Elephant ear flower bulbs, which grow in tropical areas, get their names because their leaves look like huge elephant ears. Giant elephant ear bulbs can be grown as an annual in a shady location with tips from an experienced gardener in this free video on flower bulb gardening.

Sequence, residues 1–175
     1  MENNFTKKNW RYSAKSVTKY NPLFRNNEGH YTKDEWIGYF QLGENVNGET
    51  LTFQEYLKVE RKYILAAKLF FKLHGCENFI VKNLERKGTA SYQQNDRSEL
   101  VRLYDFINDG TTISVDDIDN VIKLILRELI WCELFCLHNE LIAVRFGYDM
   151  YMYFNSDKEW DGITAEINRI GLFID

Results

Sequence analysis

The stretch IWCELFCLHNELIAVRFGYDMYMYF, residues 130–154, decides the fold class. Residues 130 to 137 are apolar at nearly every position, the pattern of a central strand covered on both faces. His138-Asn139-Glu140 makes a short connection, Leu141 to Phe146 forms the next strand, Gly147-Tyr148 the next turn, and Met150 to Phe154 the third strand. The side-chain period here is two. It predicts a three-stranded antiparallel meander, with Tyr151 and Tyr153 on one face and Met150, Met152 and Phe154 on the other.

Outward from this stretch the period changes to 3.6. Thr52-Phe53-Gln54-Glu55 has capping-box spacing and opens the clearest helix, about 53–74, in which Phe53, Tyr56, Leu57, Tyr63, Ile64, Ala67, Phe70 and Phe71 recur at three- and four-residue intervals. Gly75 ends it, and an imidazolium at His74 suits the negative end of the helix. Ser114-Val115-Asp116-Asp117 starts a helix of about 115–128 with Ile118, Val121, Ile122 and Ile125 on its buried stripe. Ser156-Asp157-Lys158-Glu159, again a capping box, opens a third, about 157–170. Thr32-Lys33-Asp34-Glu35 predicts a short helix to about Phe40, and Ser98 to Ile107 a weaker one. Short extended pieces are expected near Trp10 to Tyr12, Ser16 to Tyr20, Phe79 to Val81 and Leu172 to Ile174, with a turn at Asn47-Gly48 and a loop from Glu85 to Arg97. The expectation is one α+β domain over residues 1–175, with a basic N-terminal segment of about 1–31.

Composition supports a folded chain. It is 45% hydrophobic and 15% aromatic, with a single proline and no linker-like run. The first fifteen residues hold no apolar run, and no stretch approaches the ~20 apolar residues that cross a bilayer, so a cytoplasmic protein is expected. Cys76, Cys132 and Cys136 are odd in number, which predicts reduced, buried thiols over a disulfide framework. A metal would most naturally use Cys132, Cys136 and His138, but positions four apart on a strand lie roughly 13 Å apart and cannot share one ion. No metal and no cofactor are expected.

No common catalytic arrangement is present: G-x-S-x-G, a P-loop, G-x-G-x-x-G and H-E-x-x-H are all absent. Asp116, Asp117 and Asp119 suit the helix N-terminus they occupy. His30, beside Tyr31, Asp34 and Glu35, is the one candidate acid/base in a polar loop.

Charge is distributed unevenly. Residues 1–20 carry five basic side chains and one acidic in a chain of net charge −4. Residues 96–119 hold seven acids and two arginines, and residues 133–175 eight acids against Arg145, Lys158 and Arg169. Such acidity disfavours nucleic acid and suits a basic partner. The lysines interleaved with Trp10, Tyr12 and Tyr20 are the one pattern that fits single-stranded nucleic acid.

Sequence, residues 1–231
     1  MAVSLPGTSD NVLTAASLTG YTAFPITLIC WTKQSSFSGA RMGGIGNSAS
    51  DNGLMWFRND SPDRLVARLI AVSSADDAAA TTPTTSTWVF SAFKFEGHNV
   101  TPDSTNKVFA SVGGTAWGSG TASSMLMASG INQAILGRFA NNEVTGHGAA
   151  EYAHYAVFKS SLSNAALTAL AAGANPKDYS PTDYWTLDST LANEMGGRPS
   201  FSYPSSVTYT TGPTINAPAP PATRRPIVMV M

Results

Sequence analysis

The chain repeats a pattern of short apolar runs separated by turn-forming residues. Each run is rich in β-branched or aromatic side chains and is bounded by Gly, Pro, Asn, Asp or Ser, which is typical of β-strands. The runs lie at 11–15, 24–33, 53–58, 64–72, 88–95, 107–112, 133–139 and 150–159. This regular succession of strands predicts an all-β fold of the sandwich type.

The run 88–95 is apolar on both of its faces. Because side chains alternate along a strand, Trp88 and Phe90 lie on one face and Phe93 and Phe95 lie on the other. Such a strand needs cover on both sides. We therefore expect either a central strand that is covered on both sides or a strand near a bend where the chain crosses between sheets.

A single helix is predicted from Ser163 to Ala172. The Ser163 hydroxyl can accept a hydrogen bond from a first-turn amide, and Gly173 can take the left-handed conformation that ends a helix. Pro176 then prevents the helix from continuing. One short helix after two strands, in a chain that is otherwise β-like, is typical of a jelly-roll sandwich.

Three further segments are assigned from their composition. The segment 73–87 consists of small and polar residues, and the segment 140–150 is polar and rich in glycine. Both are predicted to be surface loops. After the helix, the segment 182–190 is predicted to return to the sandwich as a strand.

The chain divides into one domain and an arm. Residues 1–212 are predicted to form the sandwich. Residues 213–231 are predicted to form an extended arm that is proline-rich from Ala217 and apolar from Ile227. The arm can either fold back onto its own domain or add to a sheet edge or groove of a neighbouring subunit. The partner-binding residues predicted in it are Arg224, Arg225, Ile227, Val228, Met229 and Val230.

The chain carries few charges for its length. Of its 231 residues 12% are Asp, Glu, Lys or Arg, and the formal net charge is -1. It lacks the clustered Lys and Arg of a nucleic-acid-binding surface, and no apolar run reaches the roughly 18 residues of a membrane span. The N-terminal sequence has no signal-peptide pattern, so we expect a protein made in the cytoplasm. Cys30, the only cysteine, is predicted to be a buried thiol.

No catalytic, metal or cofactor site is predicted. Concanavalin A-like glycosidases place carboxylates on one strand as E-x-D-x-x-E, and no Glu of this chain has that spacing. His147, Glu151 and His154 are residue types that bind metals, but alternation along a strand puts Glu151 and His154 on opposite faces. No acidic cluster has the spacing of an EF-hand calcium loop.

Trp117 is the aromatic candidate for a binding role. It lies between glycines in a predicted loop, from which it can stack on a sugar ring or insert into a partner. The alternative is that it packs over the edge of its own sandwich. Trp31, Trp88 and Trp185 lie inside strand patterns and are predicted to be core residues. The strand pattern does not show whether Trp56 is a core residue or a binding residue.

Hi I'm Jessica Smith and I work for Blands Nursery in West Jordan Utah, and today we're talking all about bulbs. Now we're going to discuss how to grow and care for giant Elephant Ears. Now these tropical guys don't grow here as a perennial, but you can actually grow them here as an annual in a shady location, and then just lift the bulb like you would your dahlias or your cannas each fall. Now the giant Elephant Ear gets it's name from the leaf itself. This leaf grows and looks just like a huge elephant ear, they can get six-ten feet in diameter. They grow usually down around like Florida in your tropical areas, and even in some countries they actually eat the root. Make sure you don't touch the leaves or the stalks to your lips or anything, they are actually poisonous, and can burn your lips and cause your tongue and your lips to actually swell. Now the giant Elephant Ear is going to add interest and accent to a shady location. Some of the leaves aren't always green, they actually can be in reds or blacks. But it is grown for the leaf itself. In a warm climate, down around the south and that, actually they can be quite invasive and can overtake an area. But here where we're cold it won't make it through our freezing grounds in the winter time, so you do need to lift the bulb. Basically you're going to lift it just like you would any other type of a bulb, wait until the tops frost down a little bit. After that first light frost you call it a killing frost, but you want to lift that bulb before the ground actually freezes. Just go ahead and store it like a dahlia tuber and that, let the soil kind of dry off for a day or two, remove the soil, any dry roots lightly. And then just put it in some peat moss or vermiculite for the winter months. Store it in a box or a perforated plastic bag, make sure there's some air flow, check it periodically throughout the winter. If it feels a little bit dry, if your peat moss in that feels a little dry, just go ahead and mist it with a spray bottle. And then just check for any type of rotting or shriveled bulbs, discard them at that point so they can't spread to the others. And then just go ahead and plant them back down in the ground with a nice organic matter. They like it a little bit acidic, so maybe find a compost that's a little on the acidic side that you'd use for like hydrangeas or rhododendrons. And use that one, and make sure that they have a well drained soil, they can take a moist soil. So if you've got an area in your yard, where it's shady, but the moisture it's kind of the soil doesn't tend to dry out. This would be a good option for you for an annual plant, and make sure you give it plenty of nitrogen. They like that high nitrogen level.